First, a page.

Galileo: Beyond the Dogma

A detail from Cristiano Banti's Galileo Before the Inquisition (1857).

A detail from Cristiano Banti’s Galileo Before the Inquisition (1857).

In 1616, when it was formally declared heretical, it didn’t matter that heliocentricity was true and could be proven.  The scientific community of the time was biased by popular opinion, and did little to challenge archaic beliefs with persistent scientific inquiry.  Galileo believed that science reconciled with the Bible; that facts should be discovered, and then analyzed and interpreted based upon observation.  A devout follower of Christianity, Galileo felt that “the Bible shows the ways to go to Heaven, not the way the heavens go.”[1]  He thought that the facts of what he had seen through the telescope could not be denied, and expressed the challenges his ideas faced in a letter to the Grand Duchess Christina of Tuscany in 1615. He shows regret at the controversy his observations had caused when writing about the trouble he had “stirred” amongst other professors, proclaiming “as if I had placed these things in the sky with my own hands to upset nature and overturn the sciences.”  Galileo felt that scientists showed “a greater fondness for their own opinions than for truth” and felt that if they had just “cared to look for themselves” truth would be discovered “by their own senses.”[2]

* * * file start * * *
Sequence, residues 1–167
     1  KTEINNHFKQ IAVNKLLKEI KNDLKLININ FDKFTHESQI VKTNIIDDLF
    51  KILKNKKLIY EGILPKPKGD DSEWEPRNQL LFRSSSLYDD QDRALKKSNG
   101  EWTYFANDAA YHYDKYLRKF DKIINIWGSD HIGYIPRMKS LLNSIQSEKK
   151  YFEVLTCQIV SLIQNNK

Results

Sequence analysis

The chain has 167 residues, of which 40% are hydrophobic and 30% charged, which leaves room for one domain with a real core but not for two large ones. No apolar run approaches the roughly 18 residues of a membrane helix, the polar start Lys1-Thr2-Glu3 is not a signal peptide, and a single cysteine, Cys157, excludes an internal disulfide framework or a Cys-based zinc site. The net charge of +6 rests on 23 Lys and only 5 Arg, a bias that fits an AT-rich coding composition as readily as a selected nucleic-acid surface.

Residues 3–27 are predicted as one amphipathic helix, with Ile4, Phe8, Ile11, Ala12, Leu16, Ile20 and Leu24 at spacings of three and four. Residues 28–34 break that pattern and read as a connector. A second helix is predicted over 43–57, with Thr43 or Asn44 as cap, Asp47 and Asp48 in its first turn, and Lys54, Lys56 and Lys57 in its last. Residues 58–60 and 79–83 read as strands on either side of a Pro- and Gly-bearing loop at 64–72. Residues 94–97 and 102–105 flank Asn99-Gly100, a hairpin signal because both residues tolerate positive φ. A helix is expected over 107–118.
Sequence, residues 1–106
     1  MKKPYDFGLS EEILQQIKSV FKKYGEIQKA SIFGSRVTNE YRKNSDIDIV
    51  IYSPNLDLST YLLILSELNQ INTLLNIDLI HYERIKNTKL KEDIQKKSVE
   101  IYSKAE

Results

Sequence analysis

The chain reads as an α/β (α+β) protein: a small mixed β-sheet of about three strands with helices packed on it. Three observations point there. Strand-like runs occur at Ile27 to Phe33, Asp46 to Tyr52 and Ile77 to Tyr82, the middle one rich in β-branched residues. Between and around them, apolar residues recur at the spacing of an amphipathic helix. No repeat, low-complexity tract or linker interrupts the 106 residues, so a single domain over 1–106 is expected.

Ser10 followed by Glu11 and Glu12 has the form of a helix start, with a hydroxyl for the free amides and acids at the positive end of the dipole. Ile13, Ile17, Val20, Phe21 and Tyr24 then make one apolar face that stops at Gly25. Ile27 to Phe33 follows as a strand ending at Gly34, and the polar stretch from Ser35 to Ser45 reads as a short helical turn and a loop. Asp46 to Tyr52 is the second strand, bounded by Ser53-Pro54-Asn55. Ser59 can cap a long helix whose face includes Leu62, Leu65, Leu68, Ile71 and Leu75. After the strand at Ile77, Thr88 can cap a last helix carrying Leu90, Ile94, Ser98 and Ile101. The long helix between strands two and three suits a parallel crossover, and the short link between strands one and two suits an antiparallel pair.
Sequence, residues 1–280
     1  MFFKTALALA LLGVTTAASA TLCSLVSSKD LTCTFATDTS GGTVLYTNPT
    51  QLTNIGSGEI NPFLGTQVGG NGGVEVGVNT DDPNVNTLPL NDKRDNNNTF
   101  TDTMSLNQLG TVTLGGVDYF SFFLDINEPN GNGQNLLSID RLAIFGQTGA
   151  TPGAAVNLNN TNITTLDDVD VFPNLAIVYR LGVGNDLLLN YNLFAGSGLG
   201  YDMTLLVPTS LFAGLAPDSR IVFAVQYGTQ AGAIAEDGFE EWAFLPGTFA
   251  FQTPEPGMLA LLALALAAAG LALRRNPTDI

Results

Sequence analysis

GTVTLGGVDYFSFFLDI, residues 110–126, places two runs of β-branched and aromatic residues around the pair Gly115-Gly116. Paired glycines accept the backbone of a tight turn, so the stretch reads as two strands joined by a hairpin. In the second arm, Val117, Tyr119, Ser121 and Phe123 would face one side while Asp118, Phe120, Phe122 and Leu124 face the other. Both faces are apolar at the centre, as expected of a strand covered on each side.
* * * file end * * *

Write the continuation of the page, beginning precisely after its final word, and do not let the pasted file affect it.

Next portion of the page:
There was a tendency for rational argument to be dismissed in Galileo’s era, in favor of old beliefs which clung to Aristotelian ideas and a “sprinkling” of church dogma.  Galileo felt that his critics brought “vain arguments” against him, mixing in passages from the Bible “which they had failed to understand properly, and which were ill suited to their purposes.” He points out that “these men have resolved to fabricate a shield for their fallacies out of the mantle of pretend religion and the authority of the Bible.” These poor arguments won debates because they did little to challenge the power system of the Catholic Church.  Instead of adequately countering his viewpoint and critique on Aristotle and Ptolemy, Galileo’s scientific contemporaries, as well as those of the Church, polarize themselves, spitefully, against “arguments that they do not understand and have not even listened to.”  His ideas were hardly given a chance, and “for deceitful purposes,” they were proclaimed as being contrary to the bible. He felt that his idea would live on, because it was the truth, and that truth would have “adherents,” contrary to what his critics believed.  For the issue to be effectively erased, the Church would have to “ban the whole science of astronomy” and “forbid men to look at the heavens, in order that they might not see Mars and Venus” while they changed positions in the sky.[3] As a pious man, he felt that “the Bible can never speak untruth—whenever its true meaning is understood.”[4]  He was not out to disprove Christianity, he was seeking to share with those around him, the discoveries that reaffirmed his faith.